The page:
If Legacy Storm has taught me anything, it’s that Dark Ritual is a busted Magic card. Which is why we play 8 of them. Manamorphose could also count in the Cantrip section of this primer, however, the mana generation is the more important aspect of this card. More times than not, your Manamorphose will be cast for R to add UU and draw a card, in order to enable the cantrips in your hand/graveyard. These are core to the deck and running all 12 is mandatory.

The Enablers
4 Baral, Chief of Compliance, 3 Goblin Electromancer

The entire reason why the deck functions in the first place. Cheating the mana system is a very powerful thing to do in this format (See: Tron, Eldrazi, etc.).  We play 4 Baral because even though he is legendary, we only need 1 creature in play to reliably go off.  The need to reliably have acccess to this option is worth the drawback of seeing multiples.  Additionally, Baral survives Collective Brutality whereas Goblin Electromancer does not. You could run anywhere from 6-8 of these effects, though the consensus both online and in my testing is that 7 effects is the sweet spot.

The Engine
4 Gifts Ungiven, 2 Past in Flames

Past in Flames is the lynchpin to this deck working. Without PiF, this deck would be dead in the water. That being said, this card is horrendous in multiples.  The fact that it has flashback gives it more reliability versus opposing counterspells. You’re basically running four options in just two copies. Theoretically, you could run three copies at the cost of a flex slot, but I feel that you see way more clunky hands with 3. Gifts Ungiven is such a powerful card, that even resolving 1 copy, regardless of the situation, the game is pretty much over at that point, barring some extreme circumstances. I will go into detail as to how to Gifts in a later section, but 4 is mandatory.

The Payoffs:
1 Grapeshot, 1 Empty the Warrens

Storm cards are Storm cards. There really isn’t all that much to say about them. With Empty the Warrens, if you are playing a deck that cannot answer a large board presence early, it may be correct to burn 4 cards and Empty the Warrens for 5, making 10 goblins and put your opponent on a 2 turn clock. You need a minimum of 2 storm cards mainboard, whether 1 of each or 2 Grapeshot, but any more than 3 is unnecessary.

The Flex Cards:
1 Grapeshot, 1 Remand, 3 Merchant Scroll

There 5 flex slots that you can adjust without affecting the core of the deck. Want to play 3 Remands? Sure! What about some mainboard bolts to kill Infect creatures? Go wild? Maybe a curveball of 4 Tarmogoyfs and 1 Breeding Pool? I can’t honestly recommend it but you bought the Tarmogoyfs, the world is your oyster! The best results seem to  come from lists playing Merchant Scroll and and a 3rd Storm card, however some people see better results with hate cards and extra counter spells.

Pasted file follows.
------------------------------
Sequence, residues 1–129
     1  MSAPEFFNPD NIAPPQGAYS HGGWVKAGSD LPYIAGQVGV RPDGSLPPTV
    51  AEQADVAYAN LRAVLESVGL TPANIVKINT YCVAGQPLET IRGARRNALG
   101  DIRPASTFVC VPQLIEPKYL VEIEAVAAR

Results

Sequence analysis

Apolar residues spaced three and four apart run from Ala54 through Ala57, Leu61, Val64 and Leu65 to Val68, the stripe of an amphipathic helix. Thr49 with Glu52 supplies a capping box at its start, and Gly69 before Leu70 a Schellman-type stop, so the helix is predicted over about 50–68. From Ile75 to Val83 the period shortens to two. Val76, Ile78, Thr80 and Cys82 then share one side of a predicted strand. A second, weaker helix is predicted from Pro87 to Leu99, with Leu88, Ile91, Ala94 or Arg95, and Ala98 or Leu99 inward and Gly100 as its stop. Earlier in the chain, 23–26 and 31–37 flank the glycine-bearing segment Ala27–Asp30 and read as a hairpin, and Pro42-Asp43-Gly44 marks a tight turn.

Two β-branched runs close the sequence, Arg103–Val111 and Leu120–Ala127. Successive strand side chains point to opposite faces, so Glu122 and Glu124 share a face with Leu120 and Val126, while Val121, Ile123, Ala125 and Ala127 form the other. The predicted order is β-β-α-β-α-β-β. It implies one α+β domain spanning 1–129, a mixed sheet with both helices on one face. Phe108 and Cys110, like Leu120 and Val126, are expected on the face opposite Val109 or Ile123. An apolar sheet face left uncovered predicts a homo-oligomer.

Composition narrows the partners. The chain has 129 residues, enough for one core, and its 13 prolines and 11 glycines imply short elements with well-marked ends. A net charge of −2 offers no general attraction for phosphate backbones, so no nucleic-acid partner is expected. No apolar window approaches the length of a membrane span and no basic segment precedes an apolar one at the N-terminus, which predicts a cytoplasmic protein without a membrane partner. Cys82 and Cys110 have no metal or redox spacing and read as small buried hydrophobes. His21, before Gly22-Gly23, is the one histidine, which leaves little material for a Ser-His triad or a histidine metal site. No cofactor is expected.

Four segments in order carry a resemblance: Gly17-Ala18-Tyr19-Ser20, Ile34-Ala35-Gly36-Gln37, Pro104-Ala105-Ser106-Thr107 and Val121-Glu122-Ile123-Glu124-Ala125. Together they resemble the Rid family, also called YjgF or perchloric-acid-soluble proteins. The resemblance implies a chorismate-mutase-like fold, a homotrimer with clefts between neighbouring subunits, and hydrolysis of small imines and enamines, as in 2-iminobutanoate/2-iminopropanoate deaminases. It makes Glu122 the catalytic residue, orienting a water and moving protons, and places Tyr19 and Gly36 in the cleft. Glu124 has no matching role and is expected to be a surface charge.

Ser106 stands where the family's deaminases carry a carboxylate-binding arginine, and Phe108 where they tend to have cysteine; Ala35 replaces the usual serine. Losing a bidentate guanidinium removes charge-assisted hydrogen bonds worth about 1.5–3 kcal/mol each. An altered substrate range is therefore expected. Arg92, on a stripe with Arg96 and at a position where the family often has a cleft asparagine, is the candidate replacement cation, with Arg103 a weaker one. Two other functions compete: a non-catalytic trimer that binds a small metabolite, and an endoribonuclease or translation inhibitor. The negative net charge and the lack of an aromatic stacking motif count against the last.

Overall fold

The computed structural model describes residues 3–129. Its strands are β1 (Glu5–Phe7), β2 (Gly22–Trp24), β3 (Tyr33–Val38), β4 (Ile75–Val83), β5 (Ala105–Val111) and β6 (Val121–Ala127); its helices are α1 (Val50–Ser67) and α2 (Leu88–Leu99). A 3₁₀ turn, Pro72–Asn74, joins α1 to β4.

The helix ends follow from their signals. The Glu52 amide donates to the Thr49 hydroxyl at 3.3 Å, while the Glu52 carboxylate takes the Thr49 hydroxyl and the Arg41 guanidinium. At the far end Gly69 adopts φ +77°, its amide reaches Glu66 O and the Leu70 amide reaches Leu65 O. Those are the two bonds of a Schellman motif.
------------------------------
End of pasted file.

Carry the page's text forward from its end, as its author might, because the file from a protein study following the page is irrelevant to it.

The Mulligans

In your opening hand, you pretty much want to see the following combination of cards: 2 Lands, 2 Cantrips, 2 Rituals (Bonus points if 1 is a Manamorphose) and a creature. Here is an example of an ideal opener:

This is a windmill slam hand. Feel free to start salivating visibly in front of your opponent.

Now, here is a hand that is keepable, but not great.

You’re missing a few key pieces here, mainly a creature, and a second ritual, but you have 3 cantrips, and you can actively scry away lands, so this is passable.

Now this is a hand that to ship back on sight.

While this hand does look promising, you have no cantrips and if the top 3 cards of your deck are also lands, even after fetching, you’re gonna have a bad time. Cantrips are the most important part of an opening hand and the only reason for keeping a hand without one is if you mull to five and have 2 rituals and a creature. Very unlikely, but it does happen, as with all decks.

A Word of Gifting Ungiven Presents

When you gifts for the first time, the primary combination that you will go for is the following: Desperate Ritual, Pyretic Ritual, Manamorphose, and Past in Flames. If you have a creature in play and at least 1 red mana in your pool, you will be able to cast Past in Flames regardless of what 2 cards your opponent gives you. If you do not have a creature in play when you gifts, feel free to still go get these cards, especially if you cast Gifts on your opponents end step (Because this card needed to be an instant for some reason) and they’ve tapped out, or will not interact with you on your turn (Ad Nauseam, Titanshift, etc.).

If you are casting Gifts for the second time in the game, you will want to get the following cards in order to maximize your chances of continuing your storm count: Serum Visions, Sleight of Hand, Grapeshot, and Manamorphose. With all of the mana you’ve floated from flashing back your rituals, you should have no problem getting enough storm to just win the game outright. Obviously, depending on the matchup, you may need to Gifts for things like Remand, or any hate cards you may have, but as you learn the deck, you will begin to see when those times come up.

That’s all the room I have for this week, join me next time as I storm into the sideboard guide.

-Mike Thomas